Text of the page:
I was feeling quite numb on the day of my therapy appointment. I struggled a bit with concentrating too. I did ask whether this was my last appointment as well, as I was worried that I hadn't improved enough to be discharged. Thankfully, she said that although this was the last booked session, she and my CPN had a discussion and decided I needed another two sessions before considering discharge. I was really relieved about this. I told her that my moods had been all over the place again, and although I was coping today, I don't know how I'd be the next day and didn't want to be discharged, only to be in need of referral straight after.

She seemed a bit concerned about my mood swings, and wrote some notes down. One thing she did mention, that has been getting my mind going a lot, was that even though I seemed quite low in session three, overall she hasn't noticed Depression in me on the whole. I wasn't sure what to say to that. The first mental health diagnosis I was given was Depression, and that diagnosis has followed me for years. I'm not actively suicidal anymore though, and my low points aren't quite as low as they used to be. I do self harm more than I used to though. I've found a change in the symptoms I have too. After the appointment, I did look into Depression with BPD and an article did talk about how depressive symptoms tend to be different. Of course not everyone with BPD will experience exactly the same, but the article said that the symptoms are more to do with anger, loneliness, guilt/shame, and boredom, whereas with Depression alone, the symptoms are more to do with sadness (understatement I know), feeling like a failure, lack of energy etc. I definitely felt I could relate more to the BPD depression than the standalone Depression diagnosis. It could be that the article is inaccurate but I could relate to what it said.

Anyway, back to the session. The topics we spoke about were more of a follow on from session three. We went through parts of the "Living Like You Mean It" book, and some more worksheets too.

The first worksheet was entitled "Life is Like a Wheel". It explains that life is always changing but eventually goes back round to the first point of the wheel. This is usually because of things happening in your life. For example, you could feel happy or successful at stage 1, a traffic jam could make you very stressed at phase 2, a bad comment from your boss could make you feel worry and suffering at phase 3, a compliment from a colleague could make you feel hopeful at phase 4, then back to happy at phase 1. It says that feelings are temporary and that they can change from hour to hour even.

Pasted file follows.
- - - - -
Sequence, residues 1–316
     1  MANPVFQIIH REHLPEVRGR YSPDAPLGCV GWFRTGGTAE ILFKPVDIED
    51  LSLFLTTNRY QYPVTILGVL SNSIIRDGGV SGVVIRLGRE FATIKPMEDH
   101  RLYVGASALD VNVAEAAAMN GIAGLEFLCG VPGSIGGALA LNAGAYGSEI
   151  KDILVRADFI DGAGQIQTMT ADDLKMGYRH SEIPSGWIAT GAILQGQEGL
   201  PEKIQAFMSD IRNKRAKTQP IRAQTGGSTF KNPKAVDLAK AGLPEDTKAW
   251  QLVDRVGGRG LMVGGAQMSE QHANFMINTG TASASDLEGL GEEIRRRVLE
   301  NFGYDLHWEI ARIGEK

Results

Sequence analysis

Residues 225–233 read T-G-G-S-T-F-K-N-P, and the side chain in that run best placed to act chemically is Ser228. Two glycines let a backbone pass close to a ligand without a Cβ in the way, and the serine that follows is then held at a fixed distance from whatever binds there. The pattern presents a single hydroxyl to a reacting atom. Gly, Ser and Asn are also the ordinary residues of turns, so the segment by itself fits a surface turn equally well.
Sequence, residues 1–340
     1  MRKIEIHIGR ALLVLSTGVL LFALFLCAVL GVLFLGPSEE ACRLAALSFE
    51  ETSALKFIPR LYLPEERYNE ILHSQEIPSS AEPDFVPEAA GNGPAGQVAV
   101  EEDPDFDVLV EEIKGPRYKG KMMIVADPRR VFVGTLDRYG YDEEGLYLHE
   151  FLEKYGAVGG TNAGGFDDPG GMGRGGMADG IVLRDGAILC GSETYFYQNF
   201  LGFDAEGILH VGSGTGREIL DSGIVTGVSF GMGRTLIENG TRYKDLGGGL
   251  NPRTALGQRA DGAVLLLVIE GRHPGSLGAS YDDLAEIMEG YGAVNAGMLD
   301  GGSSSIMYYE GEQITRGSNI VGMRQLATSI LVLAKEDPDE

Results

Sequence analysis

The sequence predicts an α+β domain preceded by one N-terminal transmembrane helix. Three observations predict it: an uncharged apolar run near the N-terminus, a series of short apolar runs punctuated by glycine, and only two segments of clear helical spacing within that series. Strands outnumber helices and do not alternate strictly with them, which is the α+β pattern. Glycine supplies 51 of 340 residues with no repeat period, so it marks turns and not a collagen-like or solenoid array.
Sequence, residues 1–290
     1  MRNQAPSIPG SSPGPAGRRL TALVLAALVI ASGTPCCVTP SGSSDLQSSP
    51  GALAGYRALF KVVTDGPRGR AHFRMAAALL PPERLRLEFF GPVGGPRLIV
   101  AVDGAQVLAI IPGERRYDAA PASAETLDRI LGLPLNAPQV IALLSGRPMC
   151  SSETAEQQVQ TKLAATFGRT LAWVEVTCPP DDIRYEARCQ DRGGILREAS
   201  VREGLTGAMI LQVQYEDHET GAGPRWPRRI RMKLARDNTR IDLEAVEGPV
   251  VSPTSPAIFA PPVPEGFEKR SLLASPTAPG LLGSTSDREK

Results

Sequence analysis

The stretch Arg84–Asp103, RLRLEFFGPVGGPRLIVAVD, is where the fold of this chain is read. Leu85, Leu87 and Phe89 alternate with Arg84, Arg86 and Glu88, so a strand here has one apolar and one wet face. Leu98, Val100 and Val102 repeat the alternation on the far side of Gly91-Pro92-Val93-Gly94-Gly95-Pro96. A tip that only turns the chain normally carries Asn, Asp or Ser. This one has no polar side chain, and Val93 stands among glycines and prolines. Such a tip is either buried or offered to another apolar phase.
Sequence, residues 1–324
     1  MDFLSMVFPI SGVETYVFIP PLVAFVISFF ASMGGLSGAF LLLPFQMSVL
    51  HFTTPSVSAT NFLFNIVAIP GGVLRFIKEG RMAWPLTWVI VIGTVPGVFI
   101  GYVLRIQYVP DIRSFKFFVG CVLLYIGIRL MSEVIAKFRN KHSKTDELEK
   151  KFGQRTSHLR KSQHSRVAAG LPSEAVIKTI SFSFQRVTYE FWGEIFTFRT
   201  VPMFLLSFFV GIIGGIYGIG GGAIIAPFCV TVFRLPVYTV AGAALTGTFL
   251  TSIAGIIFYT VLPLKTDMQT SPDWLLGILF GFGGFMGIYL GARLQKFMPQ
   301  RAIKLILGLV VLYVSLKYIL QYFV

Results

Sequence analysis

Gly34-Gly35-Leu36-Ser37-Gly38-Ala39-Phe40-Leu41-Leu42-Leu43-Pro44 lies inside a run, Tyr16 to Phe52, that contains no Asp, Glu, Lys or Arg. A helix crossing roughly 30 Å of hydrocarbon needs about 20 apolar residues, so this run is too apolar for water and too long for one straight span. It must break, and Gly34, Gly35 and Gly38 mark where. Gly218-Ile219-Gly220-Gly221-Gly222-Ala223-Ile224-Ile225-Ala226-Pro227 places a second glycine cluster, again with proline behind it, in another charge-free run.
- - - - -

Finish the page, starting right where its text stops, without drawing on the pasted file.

It also states that certain feelings can take longer to change. For example, grief. A loved one dying can make us feel a huge sense of loss. Sadness and sometimes anger may follow. Anxiety may occur; worrying how to cope without our loved one. Denial may come next; where we may try to hide our feelings and block out memories of the person who has died, eventually allowing the tears and sadness to come, remembering the person in good and bad times, visiting their grave etc will start the healing process, then hope and happiness should follow. This can take years but the grieving process will be completed.

The next worksheet was entitled "The Assertive Option". It gave examples of certain feelings. On the right hand side would be unhelpful things we often feel or do, on the left hand side are better, more assertive behaviours, feelings etc. For example, acceptance rather than denial, and sharing feelings rather than hiding feelings.

The last worksheet (quite a wordy one!) explained acceptance. It defined it in 3 parts. Firstly, to accept something is to acknowledge it exists, secondly to believe there is no reality that should not exist, and thirdly, to see it as bearable.

The worksheet gave examples of accepting certain realities, e.g. that there are no certainties in life, utopia doesn't exist, and we cannot change others. It also explained that accepting something does not mean you have to like or be indifferent to it, and that acceptance is vital for stress management.

I find this very difficult, although I acknowledge it's important to accept things. I have strong views about being compassionate, equal rights etc and I do find it hard to accept when I come across people who believe certain people don't deserve the basic things in life for survival (food, shelter etc) just because they don't work for example. I guess I find it hard to believe someone could be that callous, and I want to have enough courage to debate their opinion and get them to see my point of view. I cannot change anyone and I cannot control the opinions they have. I can educate and maybe even persuade, but I can't completely change them. So I have to try and accept this reality, no matter how much I may dislike it.

In order to accept realities, the worksheet says we need to be mindful of our thoughts and beliefs about other's opinions. These can include believing someone should be different to who they are, the need to make them admit they are wrong, and the feeling of anger at being unable to do anything.

It also includes challenging our demands by asking certain questions of ourselves. "Can I really change this person/situation?", "Why must this situation etc not happen?" for example.

Lastly, the worksheet asks us to practise acceptance in order to improve stress management.

My homework is to do read through the worksheets again and practise acceptance. I think this will be the most difficult task so far, but maybe it'll help my stress levels?